Guillain-Barré syndrome physical therapy

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Editor-In-Chief: C. Michael Gibson, M.S., M.D. [1]; Associate Editor(s)-in-Chief: Abhishek Singh, B.P.T [2]


Following the acute phase, the patient may also need rehabilitation to regain lost functions. This treatment will focus on improving ADL (activities of daily living) functions such as brushing teeth, washing and getting dressed. Depending on the local structuring on health care, there will be established a team of different therapists and nurses according to patient needs. An occupational therapist can offer equipment (such as wheel chair and cutlery) to help the patient achieve ADL independence. A physiotherapist would plan a progressive training programme, and guide the patient to correct, functional movement, avoiding harmful compensations which might have a negative effect in the long run. There would also be a doctor, nurse and perhaps a speech trainer involved, depending on the needs of the patient. This team contribute with their knowledge to guide the patient towards his or her goals, and it is important that all goals set by the separate team members are relevant for the patient's own priorities. After rehabilitation the patient should be able to function in his or her own home and attend necessary training as needed.

Physical Therapy

  • The main aim of rehabilitation is to restore and maintain person's functional independence.
  • Encouraging active patient & family education & participation using a time based,goal focused,functional approach to minimize disability & maximize function & community participation.
  • A common scenario for a patient with severe Guillain-Barre syndrome(GBS)would be inpatient rehabilitation for 3-4 weeks followed by home based rehabilitation for 3-4 months.

Respiratory Complications

  • Physical Therapist(PT) work are to clear respiratory secretions to reduce the work of breathing & this is attained by breathing exercise,chest percussion,shaking,vibration,resistive inspiratory training & postural drainage.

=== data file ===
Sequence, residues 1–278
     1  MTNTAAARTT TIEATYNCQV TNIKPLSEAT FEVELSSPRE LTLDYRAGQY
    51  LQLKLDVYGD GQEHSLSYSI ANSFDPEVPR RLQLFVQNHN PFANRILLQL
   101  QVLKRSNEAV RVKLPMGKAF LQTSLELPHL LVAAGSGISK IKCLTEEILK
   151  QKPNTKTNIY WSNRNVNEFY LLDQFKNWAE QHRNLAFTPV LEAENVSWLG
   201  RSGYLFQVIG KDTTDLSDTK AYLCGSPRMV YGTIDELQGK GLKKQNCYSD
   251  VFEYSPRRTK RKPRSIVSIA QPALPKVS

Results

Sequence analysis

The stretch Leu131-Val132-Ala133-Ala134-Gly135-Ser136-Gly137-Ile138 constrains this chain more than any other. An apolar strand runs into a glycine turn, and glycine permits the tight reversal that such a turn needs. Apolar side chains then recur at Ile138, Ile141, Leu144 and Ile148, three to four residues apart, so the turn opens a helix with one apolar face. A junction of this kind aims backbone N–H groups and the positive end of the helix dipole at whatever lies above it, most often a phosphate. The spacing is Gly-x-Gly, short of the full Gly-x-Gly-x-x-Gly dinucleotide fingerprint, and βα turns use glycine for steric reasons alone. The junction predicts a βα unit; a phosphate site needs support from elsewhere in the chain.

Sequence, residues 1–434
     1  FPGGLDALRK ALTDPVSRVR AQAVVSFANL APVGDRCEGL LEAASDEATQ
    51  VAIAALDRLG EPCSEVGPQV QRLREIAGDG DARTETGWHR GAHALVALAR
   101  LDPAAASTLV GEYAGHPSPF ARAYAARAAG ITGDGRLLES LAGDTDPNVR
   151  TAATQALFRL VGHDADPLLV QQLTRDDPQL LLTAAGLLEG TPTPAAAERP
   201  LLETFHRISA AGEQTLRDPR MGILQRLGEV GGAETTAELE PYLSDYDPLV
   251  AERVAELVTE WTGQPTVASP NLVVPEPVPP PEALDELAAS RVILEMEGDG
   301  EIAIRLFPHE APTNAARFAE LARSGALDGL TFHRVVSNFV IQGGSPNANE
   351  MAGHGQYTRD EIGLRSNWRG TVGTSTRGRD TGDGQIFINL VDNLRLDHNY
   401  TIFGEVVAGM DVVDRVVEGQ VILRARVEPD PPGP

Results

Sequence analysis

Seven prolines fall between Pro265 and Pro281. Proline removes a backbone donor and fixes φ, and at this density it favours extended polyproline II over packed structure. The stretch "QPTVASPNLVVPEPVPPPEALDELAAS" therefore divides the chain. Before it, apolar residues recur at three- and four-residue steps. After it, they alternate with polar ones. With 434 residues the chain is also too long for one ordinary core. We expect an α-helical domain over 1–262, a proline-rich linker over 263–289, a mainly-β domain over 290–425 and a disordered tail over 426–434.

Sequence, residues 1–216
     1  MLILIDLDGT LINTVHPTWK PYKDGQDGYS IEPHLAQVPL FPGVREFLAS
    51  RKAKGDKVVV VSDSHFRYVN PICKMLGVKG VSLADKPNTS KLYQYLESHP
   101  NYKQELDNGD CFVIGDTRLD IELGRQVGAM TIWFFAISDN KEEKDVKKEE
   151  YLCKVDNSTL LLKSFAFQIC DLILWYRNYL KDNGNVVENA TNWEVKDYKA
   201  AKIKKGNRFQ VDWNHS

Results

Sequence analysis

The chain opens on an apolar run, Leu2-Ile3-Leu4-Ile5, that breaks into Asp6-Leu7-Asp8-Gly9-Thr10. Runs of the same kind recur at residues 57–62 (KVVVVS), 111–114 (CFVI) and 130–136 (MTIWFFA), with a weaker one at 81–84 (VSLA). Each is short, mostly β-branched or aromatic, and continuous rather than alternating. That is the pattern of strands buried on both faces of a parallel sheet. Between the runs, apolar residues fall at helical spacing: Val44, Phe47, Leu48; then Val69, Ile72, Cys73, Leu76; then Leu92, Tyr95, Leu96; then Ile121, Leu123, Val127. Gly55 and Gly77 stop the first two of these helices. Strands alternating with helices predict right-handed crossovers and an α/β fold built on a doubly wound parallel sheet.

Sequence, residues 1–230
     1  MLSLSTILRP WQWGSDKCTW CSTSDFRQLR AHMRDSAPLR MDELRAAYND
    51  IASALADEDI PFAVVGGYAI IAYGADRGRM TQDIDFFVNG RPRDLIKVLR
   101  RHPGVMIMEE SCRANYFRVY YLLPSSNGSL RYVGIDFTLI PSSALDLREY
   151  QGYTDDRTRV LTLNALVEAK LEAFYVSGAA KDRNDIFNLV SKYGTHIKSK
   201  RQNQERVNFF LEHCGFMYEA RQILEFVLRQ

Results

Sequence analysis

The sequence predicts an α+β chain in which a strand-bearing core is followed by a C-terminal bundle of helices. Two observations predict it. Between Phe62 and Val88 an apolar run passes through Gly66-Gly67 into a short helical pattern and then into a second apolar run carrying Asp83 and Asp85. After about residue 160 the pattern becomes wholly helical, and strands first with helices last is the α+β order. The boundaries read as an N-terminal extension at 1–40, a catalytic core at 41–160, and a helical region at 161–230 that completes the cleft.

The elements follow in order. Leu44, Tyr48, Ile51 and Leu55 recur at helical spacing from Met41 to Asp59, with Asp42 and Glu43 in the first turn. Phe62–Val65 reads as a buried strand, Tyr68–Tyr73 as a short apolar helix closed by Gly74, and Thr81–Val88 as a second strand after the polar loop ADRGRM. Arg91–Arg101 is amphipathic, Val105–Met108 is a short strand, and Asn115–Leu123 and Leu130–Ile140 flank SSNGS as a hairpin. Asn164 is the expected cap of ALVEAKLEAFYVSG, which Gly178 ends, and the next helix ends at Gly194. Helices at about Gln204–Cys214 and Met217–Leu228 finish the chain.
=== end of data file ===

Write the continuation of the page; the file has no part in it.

Deep Vein Thrombosis

  • Pulmonary Embolism has been reported in 1/3rd of patients with GBS.
  • In rehabilitation setting, patients are encouraged to wear compression stockings.
  • Encouraged to perform active movements as much as possible.
  • Progressive mobilisation protocols such as improving bed mobility,safe transfer technique like bed to chair & chair to commode with or without adaptive equipment.
  • Patients lie in Trendelenburg Position-body is laid in supine position with feet higher than head by 15º-30º.


  • Toning muscles especially in the legs does help in increasing blood flow to the heart.Leg exercises involving ankle weights & bands should be done.
  • Do isometric or active exercises in your bed or on floor.
  • Hydrotherapy can be effective.The water helps blood flow & allow body to be in a balanced state.
  • Use of Compression stockings.
  • Dysautonomia can cause early lower motor bladder & bowel involvement.So strengthning of muscles around bladder & pelvic floor muscle exercise or Kegel Exercises.


  • A tilt table for immobilised patients can be effectively used in rehabilitation units.
  • PT includes a graduated mobility program which includes:
    • Maintenance of posture & alignment.
    • Maintenance of joint range of movement by doing active,passive or active assisted exercises.
    • Prevention of plantar contracture with the help of ankle foot orthosis.
    • Improving endurance by giving low resistance exercises(few repetition).
    • Strengthning different muscle groups & improving flexibilty with progressive ambulation program that starts with bed mobility techniques,use of wheelchair & ends with patients walking independently(if possible) or using adaptive gait aids like crutches,frames etc.
    • Pressure sores-Patient/partner/carer education in skin care & continuous posture changes to release body pressure is essential.
    • Heterotopic ossification can be prevented by early aggresive joint range of motion exercise & mobilisation.


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